After nine seasons as the official supplier of engines for Moto2 – the class that replaced the former 250cc two-stroke class for 2010 – Honda will be replaced.Taking over is Triumph, which spent two years developing a spec-Moto2 engine. Triumph, which signed a three-year contract with Dorna (MotoGP commercial rights holder) to use its 765cc inline three cylinder in Moto2 from 2019 – 2021, has now unveiled the engine’s peak power output.
During an engine development press conference in Valencia alongside Externpro, Magneti Marelli and Dorna, Triumph says that the new triple will create 138 horsepower. This is up about eight on the spec Honda inline-four that derived from the CBR600RR.Triumph said that the motor’s development included a mix of factory-based, dynamometer and multiple track locations for testing. During the track tests, more than 2,500 “race pace” laps were completed at multiple European circuits that allowed Triumph to complete engine “double-lifecycle.”“Triumph have been extremely warmly welcomed by Dorna, its partners and the Press,” said Stuart Wood, Triumph Chief Engineer. “It really feels like people share our excitement in Triumph’s entry into factory supported, top flight motorcycle racing. We are confident that our engine development program has been extremely comprehensive and that the increased power, wide spread of torque and amazing triple sound will bring exciting racing in 2019.”The Triumph triple race engines are based on the Street Triple RS 765cc production engine, which produce 121 horsepower. It’s worth noting that the Street Triple RS derived from the Daytona Supersports 675cc bike.Triumph says “these new race engines are built to bring more power and torque, designed to rev harder and run with a lower inertia and all delivered in a lighter weight package.”The Moto2-spec engine has the following changes over the base Street Triple RS:
Modified cylinder head with revised inlet & exhaust ports for optimized gas flow
Higher compression ratio
Titanium valves & stiffer valve springs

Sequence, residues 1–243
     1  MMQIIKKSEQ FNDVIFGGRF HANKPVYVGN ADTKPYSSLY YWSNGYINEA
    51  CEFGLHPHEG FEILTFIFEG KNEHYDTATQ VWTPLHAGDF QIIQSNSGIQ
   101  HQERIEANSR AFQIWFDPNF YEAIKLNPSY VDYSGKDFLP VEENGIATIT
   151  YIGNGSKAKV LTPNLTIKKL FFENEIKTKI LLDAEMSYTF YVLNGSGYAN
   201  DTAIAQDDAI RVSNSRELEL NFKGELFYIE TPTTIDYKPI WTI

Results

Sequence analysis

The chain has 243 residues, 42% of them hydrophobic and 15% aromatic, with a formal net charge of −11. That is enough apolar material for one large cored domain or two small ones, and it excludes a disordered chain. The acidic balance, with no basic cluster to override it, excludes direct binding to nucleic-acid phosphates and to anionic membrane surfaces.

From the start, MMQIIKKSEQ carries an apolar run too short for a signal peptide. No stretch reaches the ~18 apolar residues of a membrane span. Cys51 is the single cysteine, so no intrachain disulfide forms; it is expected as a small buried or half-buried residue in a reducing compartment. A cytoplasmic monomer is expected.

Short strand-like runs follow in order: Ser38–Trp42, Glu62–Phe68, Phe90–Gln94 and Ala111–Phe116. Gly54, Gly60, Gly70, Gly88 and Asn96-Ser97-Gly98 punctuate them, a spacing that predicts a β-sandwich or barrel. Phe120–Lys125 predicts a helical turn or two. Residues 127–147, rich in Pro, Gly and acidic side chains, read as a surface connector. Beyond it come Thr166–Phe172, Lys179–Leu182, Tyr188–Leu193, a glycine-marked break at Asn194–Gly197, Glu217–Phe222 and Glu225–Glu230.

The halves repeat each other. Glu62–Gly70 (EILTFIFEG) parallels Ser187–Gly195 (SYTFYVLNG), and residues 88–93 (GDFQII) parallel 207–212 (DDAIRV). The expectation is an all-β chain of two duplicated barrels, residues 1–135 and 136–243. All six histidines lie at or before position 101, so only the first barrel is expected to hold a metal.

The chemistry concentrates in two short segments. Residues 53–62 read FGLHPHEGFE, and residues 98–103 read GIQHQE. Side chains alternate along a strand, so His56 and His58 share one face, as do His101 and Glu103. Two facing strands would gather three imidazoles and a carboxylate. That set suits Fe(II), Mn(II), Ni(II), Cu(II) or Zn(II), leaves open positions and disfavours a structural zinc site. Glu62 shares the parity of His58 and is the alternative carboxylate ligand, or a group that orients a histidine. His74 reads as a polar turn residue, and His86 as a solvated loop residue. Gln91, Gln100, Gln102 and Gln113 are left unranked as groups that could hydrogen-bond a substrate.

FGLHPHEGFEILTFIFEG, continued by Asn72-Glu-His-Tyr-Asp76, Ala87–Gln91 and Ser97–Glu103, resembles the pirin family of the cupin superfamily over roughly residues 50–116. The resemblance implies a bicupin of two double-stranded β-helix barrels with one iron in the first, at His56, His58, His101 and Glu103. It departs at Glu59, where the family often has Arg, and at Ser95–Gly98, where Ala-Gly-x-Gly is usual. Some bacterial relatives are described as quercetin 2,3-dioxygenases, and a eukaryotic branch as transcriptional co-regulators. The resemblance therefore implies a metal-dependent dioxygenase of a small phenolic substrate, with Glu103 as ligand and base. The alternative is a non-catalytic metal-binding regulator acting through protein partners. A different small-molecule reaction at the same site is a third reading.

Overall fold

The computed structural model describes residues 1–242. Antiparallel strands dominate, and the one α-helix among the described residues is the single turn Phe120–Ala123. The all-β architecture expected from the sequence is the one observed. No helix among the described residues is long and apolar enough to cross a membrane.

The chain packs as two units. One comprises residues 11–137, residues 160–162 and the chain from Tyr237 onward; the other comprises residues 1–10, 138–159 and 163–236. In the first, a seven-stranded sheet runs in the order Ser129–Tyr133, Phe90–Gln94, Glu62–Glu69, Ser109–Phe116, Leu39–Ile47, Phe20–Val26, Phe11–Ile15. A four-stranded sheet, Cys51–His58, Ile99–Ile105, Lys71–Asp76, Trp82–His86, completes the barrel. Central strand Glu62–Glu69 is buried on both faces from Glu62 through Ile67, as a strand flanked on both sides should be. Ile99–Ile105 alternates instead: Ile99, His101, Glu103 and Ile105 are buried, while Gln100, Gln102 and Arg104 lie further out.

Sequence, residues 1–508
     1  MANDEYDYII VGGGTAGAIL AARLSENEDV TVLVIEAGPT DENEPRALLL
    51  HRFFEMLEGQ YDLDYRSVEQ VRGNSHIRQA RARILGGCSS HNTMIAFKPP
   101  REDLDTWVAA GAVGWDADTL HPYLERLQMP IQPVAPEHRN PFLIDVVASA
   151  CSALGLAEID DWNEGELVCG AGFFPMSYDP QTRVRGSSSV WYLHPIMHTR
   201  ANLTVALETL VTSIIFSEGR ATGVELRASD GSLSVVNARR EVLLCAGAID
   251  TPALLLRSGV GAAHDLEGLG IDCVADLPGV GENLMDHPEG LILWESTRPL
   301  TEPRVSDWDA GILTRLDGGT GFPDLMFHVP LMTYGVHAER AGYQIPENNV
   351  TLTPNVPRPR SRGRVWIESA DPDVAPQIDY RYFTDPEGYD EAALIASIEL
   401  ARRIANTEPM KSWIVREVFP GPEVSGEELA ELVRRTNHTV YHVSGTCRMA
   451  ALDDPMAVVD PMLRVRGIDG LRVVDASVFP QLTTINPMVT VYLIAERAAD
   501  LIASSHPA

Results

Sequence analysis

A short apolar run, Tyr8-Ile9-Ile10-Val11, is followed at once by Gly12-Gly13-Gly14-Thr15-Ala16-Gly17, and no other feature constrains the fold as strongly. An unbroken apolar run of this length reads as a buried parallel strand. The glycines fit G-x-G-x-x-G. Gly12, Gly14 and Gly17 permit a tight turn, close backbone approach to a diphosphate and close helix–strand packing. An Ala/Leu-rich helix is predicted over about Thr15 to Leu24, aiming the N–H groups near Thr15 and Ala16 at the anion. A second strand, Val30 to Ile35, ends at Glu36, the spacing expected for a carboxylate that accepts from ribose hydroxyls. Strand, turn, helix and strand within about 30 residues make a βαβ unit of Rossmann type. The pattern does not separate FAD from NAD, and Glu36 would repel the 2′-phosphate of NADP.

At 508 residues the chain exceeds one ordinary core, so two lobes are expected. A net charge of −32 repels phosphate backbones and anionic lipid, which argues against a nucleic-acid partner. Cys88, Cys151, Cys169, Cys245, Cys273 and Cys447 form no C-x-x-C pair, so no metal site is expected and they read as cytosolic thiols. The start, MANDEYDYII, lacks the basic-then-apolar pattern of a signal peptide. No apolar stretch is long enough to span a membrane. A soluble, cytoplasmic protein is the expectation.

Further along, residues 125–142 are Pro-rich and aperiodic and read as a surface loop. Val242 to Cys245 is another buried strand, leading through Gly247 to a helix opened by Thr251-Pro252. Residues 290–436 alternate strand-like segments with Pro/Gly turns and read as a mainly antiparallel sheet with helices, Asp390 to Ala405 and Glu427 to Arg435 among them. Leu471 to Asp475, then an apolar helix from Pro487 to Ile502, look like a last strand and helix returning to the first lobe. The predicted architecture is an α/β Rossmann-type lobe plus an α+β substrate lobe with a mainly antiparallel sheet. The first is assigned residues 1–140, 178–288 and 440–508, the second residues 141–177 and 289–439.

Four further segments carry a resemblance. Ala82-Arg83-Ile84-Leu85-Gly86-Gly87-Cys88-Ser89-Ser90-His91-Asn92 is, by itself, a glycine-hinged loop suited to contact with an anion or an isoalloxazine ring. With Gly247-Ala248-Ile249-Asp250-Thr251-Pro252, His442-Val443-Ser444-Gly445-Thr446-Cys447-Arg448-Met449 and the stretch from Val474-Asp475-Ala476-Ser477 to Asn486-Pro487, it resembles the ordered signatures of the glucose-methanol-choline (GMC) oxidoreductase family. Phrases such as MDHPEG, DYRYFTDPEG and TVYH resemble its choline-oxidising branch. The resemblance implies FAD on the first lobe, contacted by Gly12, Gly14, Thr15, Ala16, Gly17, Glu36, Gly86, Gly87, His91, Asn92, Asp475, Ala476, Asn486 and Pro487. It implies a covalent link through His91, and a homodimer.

Revised cam timing > for increased rpm
High Flow Fuel Injectors
Low inertia race kit alternator
Revised 1st and 2nd gear ratios
Race developed, adjustable slipper clutch
Magneti Marelli Race ECU
Revised engine covers for reduced width
Different sump for improved exhaust header run
Triumph also reported the following:ECU Development TestingTriumph has also supported extensive ECU development testing with Magneti Marelli This has been a track focused development program. In collaboration with Magneti Marelli, Triumph has supplied the base data and the provision of engines, a full test mule and Triumph technical support team.Chassis Development TestingTriumph has supplied development engines via Externpro to the chassis manufacturers to test. These tests have included current and former Moto2 championship racers. Triumph has additionally provided ECU development input to the chassis manufacturers.
This week, Senior Editor Nic de Sena rides the all new Ducati Monster. Big changes have been made by Ducati–has the company ruined the considerable heritage of the iconic Monster–or are the changes worth it? In the second part of the show, we chat with Nick Ienatsch, Founder and Head Instructor at the Yamaha Champions Riding School. He says: “We aim to change your riding life by introducing you to Champions Habits: The techniques, approaches, skills, and the mindsets of the best riders in the world. These Champions Habits are the foundation of safety and consistency to whatever speed you ride, in any venue on any bike. Street riders, this is just as much for you as track riders. The best way to make safe riders is to make good riders.“ We hope you enjoy this episode!